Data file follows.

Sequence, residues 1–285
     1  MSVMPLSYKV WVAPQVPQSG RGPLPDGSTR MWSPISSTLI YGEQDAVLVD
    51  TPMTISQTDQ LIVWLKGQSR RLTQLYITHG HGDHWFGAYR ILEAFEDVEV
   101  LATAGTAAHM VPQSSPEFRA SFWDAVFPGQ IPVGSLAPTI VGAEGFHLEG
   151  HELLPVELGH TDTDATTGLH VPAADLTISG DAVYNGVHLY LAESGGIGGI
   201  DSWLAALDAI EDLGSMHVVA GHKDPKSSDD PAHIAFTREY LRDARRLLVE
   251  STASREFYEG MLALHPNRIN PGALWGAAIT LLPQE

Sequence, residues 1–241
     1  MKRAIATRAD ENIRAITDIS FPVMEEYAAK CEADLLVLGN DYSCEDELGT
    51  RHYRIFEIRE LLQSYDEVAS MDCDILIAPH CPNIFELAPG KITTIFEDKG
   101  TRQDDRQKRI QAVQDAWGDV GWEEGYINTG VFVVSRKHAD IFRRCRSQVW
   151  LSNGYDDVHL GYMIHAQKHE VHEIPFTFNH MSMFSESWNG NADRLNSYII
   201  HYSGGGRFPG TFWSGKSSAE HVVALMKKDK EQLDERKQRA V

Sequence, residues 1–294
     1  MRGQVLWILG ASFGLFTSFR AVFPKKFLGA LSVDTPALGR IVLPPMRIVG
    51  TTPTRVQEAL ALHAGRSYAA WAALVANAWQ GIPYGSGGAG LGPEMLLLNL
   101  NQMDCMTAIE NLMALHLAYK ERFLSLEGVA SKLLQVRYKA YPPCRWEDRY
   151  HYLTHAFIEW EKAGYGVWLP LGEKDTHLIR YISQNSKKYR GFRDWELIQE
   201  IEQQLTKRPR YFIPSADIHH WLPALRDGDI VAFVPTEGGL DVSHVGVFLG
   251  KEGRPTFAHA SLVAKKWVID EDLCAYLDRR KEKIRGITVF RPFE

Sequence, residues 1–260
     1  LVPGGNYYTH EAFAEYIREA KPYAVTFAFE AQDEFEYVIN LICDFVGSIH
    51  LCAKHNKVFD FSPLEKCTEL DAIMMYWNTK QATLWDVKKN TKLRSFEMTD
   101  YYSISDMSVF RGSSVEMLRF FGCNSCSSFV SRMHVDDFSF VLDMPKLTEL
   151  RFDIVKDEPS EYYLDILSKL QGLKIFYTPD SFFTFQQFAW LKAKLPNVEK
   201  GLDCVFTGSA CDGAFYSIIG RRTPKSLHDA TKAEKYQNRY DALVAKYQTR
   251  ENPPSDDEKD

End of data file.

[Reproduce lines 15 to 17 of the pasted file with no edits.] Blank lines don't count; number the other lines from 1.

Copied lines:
     1  MRGQVLWILG ASFGLFTSFR AVFPKKFLGA LSVDTPALGR IVLPPMRIVG
    51  TTPTRVQEAL ALHAGRSYAA WAALVANAWQ GIPYGSGGAG LGPEMLLLNL
   101  NQMDCMTAIE NLMALHLAYK ERFLSLEGVA SKLLQVRYKA YPPCRWEDRY